Cultivating Healthy Soil and Clean Water in New York
Farmers’ Guide for Protecting Water Quality on Long Island
RESOURCES • PROGRAMS • PRACTICES
Fertile soil on well-managed farms acts as a natural water filter. But when farms are lost to development or when farmland is not managed well, soils are degraded and drinking water suffers.
AFT has helped craft programs to assist farmers in stewarding their land and protecting drinking water for more than nine million state residents in New York City and upstate cities. Today, we are working with farmers in two targeted New York watersheds to help them do their part to improve water quality.
Conservation activities on farms are most effective when coordinated within a specific community or watershed. In New York, we’re currently focused on Long Island and the Great Lakes.
Since 2011, AFT and our local partners at Cornell Cooperative Extension have worked closely with farmers on Long Island’s East End growing sweet corn, potatoes, and other crops to experiment with new conservation practices.
We help farmers get real-world experience with techniques such as controlled-release nitrogen fertilizer (CRNF), conservation tillage, and new varieties of cover crops. These practices help improve soil fertility and farm productivity while retaining nutrients and soil moisture – helping farmers deal with severe weather, like droughts and major rainstorms.
Accomplishments to date include:
Hosting Soil Health Field Days for more than 75 farmers on Long IslandRead More
Providing support to partners working with farmers to explore conservation practices
Helping sweet corn growers reduce nitrogen rates by 20 percent using CRNF
Helping potato growers reduce nitrogen rates by 24 percent using CRNF
Creating the Farmers' Guide to Protecting Water Quality on Long IslandFarmers' Guide
In Lake Ontario, excess phosphorous threatens drinking water, wildlife, and recreation. We are helping vegetable farmers on the southern side of Lake Ontario experiment with new conservation practices to improve soil health. AFT is also helping dairy farmers and field crop producers to learn about soil practices – including tillage practices, cover crops, and soil health tests.
AFT is launching a new initiative in the Great Lakes region working with landowners and farmer lessees to incentivize conservation practices on rented farmland. Conservation practices help reduce nutrient runoff and protect water quality, while building the long-term health of the soil. During the planning phase of this project, AFT realized women landowners were interested in conservation on their land but under-served in education about these practices.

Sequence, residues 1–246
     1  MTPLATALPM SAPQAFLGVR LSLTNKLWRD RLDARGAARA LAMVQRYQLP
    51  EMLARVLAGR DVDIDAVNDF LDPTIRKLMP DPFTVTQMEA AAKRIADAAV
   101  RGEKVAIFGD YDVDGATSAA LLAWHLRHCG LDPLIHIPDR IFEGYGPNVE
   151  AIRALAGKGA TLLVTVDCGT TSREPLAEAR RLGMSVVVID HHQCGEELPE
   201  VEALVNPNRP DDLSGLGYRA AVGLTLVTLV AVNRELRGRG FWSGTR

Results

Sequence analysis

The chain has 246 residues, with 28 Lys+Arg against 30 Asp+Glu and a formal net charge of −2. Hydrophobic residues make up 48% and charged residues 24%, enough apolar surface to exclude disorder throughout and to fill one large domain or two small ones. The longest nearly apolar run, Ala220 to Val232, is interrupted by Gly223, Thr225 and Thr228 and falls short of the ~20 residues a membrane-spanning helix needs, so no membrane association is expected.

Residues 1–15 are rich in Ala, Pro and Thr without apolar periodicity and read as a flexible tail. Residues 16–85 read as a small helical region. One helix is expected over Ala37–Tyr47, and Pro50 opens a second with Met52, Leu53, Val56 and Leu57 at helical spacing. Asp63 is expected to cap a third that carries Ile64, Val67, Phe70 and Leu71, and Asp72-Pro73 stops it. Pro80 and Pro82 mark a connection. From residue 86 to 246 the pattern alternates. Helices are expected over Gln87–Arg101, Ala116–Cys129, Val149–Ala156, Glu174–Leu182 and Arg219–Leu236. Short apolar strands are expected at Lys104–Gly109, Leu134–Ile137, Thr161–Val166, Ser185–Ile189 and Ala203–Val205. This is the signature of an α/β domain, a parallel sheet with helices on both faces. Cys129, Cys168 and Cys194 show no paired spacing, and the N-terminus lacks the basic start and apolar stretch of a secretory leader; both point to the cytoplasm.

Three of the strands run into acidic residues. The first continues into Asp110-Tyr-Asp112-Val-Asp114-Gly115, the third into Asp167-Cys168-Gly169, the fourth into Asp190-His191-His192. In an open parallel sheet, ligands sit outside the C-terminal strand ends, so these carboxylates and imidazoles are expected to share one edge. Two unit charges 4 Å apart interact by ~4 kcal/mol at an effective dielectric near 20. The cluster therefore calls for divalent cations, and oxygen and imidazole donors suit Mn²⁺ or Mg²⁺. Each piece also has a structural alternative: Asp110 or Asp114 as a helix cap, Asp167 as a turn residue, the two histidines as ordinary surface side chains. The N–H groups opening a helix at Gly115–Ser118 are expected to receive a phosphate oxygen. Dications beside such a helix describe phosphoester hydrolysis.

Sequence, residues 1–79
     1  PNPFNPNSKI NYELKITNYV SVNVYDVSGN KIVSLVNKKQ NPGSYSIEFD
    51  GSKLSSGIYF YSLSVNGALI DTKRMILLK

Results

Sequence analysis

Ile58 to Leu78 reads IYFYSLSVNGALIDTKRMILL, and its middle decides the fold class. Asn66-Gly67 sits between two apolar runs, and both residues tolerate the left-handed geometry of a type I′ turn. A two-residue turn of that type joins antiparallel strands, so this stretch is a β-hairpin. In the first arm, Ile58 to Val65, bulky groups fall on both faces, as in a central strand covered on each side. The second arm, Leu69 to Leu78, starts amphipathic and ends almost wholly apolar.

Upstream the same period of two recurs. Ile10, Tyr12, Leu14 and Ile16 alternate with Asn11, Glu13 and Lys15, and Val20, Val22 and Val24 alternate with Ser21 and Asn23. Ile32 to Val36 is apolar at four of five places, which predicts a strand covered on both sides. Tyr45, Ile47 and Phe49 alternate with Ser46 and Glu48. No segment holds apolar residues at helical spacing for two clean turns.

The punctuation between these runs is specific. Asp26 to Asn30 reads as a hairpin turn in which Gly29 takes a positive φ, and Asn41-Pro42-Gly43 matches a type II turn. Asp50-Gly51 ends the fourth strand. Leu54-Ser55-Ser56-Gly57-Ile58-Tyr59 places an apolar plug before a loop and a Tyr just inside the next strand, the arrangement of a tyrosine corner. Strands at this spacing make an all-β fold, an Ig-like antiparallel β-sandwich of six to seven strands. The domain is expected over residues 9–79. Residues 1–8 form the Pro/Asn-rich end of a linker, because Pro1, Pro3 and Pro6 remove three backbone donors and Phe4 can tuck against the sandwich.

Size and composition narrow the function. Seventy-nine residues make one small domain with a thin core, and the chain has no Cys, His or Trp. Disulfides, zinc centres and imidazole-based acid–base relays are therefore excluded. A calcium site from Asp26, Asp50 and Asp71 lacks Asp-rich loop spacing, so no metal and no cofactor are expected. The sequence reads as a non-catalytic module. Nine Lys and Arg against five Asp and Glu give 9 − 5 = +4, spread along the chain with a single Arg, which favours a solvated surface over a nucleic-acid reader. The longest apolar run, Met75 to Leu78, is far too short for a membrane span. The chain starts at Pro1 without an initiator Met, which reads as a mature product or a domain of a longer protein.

Through AFT’s women’s learning circles, landowners learn about the benefits of conservation practices and how to work with farmer lessees to develop leasing arrangements that are mutually beneficial and promote healthy soils and clean water.
Accomplishments to date include:
Helping farmers plant over 5,000 acres of cover crops in the last two growing seasons
Assisting partners working with farmers in demonstrating soil health practices such as cover cropping and zone tillage
Sponsoring a Western New York Soil Health Field Day for more than 175 farmers
Hosting women's learning circles for landowners about conservation practices
Stories from the Field
Many farmers on Long Island and in the Great Lakes have already taken action to protect water quality and improve soil health. As part of our Cultivating Clean Water in New York project, we'll be highlighting stories of farmers and their conservation practices – why they do them, and how they have impacted their farms.
Schmitt Family Farm (Riverhead, NY, Long Island)
Phil Schmitt's family has grown vegetables on Long Island for over 150 years. Learn all about the conservation practices Phil uses and the economic benefits that come with soil health management.
Pedersen Farms (Seneca Castle, NY, Great Lakes)
Rick Pedersen owns a 1,500-acre vegetable farm and hop yard in the Finger Lakes region of the Great Lakes watershed. Improving the health of his farm's soil has taught him the needs of each of his fields and how to protect the waters that surround them.
MKZ Farms (Jamesport, NY, Long Island)
Mark Zaweski protected the 100 acres he and his wife Emilie farm on Long Island's East End with a conservation easement almost 20 years ago. He's also taken steps to help build the farm's soil health and protect water quality.